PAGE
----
Communication between channels is managed by the channel nodes.
The communication contains a data payload that is coded as JSON. This is passed as the "data" claim in a JSON web token (JWT), allowing it to be signed by the sending party. This provides the receiving party with confirmation that the message is authorised, and the signature also provides a non-repudiation guarantee that the message was indeed created by the other party and not tampered. The JWT will also contain a "process_identifier" claim to indicate the identifier of the shared process.
For a local call (on the same server), the receiving channel is executed passing the JWT in the "data" parameter of the request. No authorisation is provided. Data is returned in the "return" element of an XML document.
For a web service call (remote server), the JWT is posted to the receiving channel's address as POST data, with a content type of "application/jwt". No authorisation is provided. Data is returned in the same way as a local call.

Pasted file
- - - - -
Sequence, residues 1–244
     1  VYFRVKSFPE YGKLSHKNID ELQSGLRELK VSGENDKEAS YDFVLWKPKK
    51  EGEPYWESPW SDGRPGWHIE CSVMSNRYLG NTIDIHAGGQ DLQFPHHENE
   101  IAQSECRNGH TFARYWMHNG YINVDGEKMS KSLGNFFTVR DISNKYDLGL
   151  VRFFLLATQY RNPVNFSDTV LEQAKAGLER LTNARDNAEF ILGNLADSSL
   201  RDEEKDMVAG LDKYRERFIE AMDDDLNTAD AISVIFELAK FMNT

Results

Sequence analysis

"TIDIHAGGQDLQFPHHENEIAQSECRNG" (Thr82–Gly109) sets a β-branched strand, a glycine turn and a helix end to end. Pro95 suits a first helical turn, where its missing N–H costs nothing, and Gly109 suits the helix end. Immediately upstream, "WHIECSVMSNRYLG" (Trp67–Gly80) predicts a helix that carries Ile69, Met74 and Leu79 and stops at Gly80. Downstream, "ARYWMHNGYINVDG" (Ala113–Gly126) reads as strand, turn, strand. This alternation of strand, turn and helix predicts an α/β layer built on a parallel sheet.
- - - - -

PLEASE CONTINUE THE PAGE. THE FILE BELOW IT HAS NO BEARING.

Note that the call in either case is anonymous, and the channel must allow anonymous execute permission (plus anonymous use draft permission).
(It would be possible to envisage a different solution in which a JWT was used as a bearer token, which is the more typical pattern, and the data sent separately. However, the need to sign the data payload means that it is just as easy to put the data payload into the JWT rather than have a signed JWT and then a signed payload. Also, this approach allows local calls to be encoded the same way as remote calls.)